Ordinary Oracle Joe

Just an ordinary DBA's thoughts

As jealous as a …

Posted by oakesgr on October 21, 2009

“O beware, my lord, of Jealousy! It is the green-eyed monster which doth mock the meat it feeds on” – so said Lago in Othello. (well according to othello anyway – I’m not well read enough to quote Shakespeare!).

Well another Oracle Open World has wrapped up without me attending it, and I’m brimming with jealousy at everyone that managed to get there. I guess I’d better beware in case I start mocking meat or something. It won’t last long, as soon as everyone else stops blogging about it I’ll forget for another year.

So whilst the rest of the oracle world was swanning around conference rooms listening to the likes of Jonathan Lewis, Tom Kyte and every other clever so-and-so what have I been up to?

The last couple of days I’ve been restoring a table that was accidentally dropped from a 2TB 9i db. Without going into details we ended up having to restore the whole database onto another machine as a standby and roll foward bit by bit, taking exports along the way. We weren’t able to retrieve the exact time / scn of the drop table command from LogMiner due to ORA-01374 (Cause: LogMiner does not mine redo records generated with LOG_PARALLELISM set to a value greater than 1.)

Obviously a problem.

I tried to create a file based log miner dictionary from prod, take it to a 10g instance along with the logs in question and use 10g log miner, but this wasn’t possible due to UTL_FILE_DIR not being set, so I couldn’t even write the file out. I wasn’t allowed to bounce the db to set this, so then I thought I’d try building it from standby but unfortunately this isn’t allowed in read only mode.

Of course, all this is going along with a rather large audience. The app is on the business’s Critical Application list, and this table can be updated a number of times per second. When the table doesn’t even exist, an entire page of the app is blank. Thankfully, the dev and support teams did a great job of analysing the impact and quickly building a new empty table and then populating with ‘dummy’ data.

The hardest part of the whole process was the logistics of it. 2TB is a lot of space to just ‘find’ at the drop of a hat. We eventually had to clear out a number of other UAT databases to make room for it.

Something that jumped out at me from this, was how good everyone is around me. Not once did I hear a raised voice from management. There was only ever calm, concise discussion on the best way forward. I never felt under pressure to rush something without being able to think it through properly. This is in stark contrast to other places I’ve worked, but I think this comes from trust in each other’s ability. I’ve now been ‘aligned’ to this application team for about 2 years. We sit next to each other, work closely on a daily basis and the benefits are really seen during times of stress, such as this.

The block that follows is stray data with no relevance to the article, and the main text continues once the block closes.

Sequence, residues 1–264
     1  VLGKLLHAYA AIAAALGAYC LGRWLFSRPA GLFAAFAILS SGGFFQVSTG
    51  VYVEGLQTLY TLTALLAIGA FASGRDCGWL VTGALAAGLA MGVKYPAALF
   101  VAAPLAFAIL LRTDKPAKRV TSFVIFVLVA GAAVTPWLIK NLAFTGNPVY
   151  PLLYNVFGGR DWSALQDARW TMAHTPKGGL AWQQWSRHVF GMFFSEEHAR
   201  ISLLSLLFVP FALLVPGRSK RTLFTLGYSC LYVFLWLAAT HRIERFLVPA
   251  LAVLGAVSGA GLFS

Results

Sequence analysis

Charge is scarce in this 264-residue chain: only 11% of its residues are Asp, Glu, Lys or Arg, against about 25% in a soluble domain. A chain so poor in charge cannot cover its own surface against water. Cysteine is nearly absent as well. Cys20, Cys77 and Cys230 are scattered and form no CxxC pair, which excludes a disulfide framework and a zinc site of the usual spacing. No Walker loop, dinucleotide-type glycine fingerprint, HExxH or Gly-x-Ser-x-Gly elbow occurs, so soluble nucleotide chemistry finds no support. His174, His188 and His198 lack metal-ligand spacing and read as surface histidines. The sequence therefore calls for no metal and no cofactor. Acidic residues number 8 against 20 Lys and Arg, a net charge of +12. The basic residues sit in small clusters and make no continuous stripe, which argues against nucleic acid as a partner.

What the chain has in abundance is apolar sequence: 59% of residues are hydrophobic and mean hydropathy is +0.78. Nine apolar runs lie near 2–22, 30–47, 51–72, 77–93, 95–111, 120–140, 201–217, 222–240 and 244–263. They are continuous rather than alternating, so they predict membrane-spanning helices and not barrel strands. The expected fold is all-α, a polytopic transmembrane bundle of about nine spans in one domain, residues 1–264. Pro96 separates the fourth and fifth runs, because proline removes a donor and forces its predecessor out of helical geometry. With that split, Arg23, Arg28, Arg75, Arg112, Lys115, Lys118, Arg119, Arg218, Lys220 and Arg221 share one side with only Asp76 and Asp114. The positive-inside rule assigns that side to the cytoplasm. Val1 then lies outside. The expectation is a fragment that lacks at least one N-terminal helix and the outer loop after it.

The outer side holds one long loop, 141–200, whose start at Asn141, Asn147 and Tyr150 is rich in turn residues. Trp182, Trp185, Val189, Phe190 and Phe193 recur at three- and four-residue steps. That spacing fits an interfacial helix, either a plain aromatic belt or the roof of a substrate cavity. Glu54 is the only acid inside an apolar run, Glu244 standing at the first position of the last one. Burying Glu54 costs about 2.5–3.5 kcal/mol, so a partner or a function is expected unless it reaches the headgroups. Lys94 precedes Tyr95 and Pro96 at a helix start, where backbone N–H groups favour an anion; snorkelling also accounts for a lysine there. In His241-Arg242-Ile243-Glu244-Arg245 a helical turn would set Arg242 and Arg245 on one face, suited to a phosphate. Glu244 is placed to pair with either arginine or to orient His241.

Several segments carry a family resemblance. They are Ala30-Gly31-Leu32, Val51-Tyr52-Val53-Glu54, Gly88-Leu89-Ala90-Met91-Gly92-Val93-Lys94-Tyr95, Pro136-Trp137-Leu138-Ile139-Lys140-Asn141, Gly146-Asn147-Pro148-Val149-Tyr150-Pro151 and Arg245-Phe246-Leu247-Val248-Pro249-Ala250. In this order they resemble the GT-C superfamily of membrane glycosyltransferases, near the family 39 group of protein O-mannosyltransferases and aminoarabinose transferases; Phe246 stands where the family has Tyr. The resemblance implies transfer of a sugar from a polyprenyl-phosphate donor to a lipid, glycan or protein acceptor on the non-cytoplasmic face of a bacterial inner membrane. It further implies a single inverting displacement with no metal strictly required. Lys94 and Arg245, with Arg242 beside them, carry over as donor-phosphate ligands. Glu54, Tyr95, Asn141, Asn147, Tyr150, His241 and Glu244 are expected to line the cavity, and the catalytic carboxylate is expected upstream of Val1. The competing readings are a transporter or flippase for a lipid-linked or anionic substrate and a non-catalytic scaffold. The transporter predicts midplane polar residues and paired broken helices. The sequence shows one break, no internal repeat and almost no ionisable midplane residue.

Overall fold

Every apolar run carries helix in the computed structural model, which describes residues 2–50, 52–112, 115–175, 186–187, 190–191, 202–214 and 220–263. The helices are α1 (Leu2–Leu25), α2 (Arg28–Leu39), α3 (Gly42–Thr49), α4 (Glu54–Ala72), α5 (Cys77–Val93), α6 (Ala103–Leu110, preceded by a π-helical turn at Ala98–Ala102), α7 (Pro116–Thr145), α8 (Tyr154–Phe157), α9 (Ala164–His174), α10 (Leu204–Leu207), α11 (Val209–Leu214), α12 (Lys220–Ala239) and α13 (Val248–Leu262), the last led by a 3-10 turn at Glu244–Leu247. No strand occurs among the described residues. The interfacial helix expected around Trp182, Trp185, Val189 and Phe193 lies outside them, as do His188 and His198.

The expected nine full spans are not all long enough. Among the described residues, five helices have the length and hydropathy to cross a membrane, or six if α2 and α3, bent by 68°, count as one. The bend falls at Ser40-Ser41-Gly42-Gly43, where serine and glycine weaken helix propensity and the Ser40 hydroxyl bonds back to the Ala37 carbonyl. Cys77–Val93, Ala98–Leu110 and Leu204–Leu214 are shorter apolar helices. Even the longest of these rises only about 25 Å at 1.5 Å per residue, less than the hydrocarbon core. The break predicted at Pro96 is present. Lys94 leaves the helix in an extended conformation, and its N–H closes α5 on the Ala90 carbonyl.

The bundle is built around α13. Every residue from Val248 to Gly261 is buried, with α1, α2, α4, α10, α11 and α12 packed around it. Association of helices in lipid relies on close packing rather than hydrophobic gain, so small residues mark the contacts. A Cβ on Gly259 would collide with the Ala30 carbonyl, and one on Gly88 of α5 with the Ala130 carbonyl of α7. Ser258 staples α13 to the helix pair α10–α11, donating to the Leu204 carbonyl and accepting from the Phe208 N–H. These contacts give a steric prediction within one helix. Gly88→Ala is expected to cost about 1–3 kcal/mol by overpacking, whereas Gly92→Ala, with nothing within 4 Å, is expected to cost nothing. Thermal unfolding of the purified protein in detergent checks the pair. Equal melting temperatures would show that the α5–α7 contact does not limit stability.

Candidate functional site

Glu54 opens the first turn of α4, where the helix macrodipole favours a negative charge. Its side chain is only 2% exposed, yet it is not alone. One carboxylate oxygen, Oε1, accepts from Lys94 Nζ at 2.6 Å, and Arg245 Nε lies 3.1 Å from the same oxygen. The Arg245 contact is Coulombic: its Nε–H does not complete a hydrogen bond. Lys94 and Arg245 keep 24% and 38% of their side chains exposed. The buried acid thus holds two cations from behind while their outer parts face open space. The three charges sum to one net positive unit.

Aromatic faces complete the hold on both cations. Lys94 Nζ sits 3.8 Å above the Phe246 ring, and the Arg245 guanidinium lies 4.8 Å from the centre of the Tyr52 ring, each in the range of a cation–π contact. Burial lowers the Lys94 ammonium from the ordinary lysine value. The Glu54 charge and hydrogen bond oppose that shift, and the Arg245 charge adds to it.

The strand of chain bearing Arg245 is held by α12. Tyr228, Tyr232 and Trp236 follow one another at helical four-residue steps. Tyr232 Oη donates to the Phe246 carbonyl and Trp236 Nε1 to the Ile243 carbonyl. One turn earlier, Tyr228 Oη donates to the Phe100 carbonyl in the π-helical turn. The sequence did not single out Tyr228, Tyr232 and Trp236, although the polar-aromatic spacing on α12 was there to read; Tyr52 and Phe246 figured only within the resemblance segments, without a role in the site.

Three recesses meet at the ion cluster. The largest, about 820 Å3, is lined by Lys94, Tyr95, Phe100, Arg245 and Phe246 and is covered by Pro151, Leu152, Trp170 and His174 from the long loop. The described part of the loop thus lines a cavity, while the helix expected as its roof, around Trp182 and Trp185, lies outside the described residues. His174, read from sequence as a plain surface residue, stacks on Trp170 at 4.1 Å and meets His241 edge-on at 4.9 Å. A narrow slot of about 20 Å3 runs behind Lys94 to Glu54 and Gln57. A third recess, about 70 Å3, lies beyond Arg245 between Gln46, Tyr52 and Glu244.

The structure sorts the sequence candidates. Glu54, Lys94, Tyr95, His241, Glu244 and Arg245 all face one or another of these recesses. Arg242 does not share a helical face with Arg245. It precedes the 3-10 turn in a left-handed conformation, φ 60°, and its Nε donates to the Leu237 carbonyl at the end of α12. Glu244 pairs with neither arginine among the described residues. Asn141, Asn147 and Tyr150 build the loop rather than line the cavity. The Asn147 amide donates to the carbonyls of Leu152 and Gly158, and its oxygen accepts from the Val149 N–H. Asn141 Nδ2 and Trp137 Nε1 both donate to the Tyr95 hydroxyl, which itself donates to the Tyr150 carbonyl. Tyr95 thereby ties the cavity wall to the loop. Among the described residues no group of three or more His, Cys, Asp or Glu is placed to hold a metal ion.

Another positive gained from this experience was the value in having other dbas around. It’s great to be able to bounce ideas off each other, double check we’re not doing something incredibly dumb – which is always a risk when the pressure mounts.

So after a pretty tough couple of days I’m feeling good about things…

but still jealous as hell!

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7 Responses to “As jealous as a …”

  1. Doug Burns said

    No need to feel jealous. I would have *much* rather been recovering that table than listening to Oracle architects, designers and developers discussing cool new features.

    Honest.

  2. Boneist said

    UTL_FILE_DIR parameter? 10g? Why not CREATE DICTIONARY blahblahblah and associated privs? No bounce required…

    • Boneist said

      (also available with 9i! But not, sadly, in 8i as I once had to prove in triplicate to an over-zealous DBA!)

    • oakesgr said

      Hi Boneist,

      LOL – if it had been 10g the outage would have lasted for as long as it takes me to remember, or more likely find (my memory has gone to pot these days) the syntax for flashback table.

      The sooner we get this upgraded the better! Unfortunately, as with all things it’s never as easy as that.

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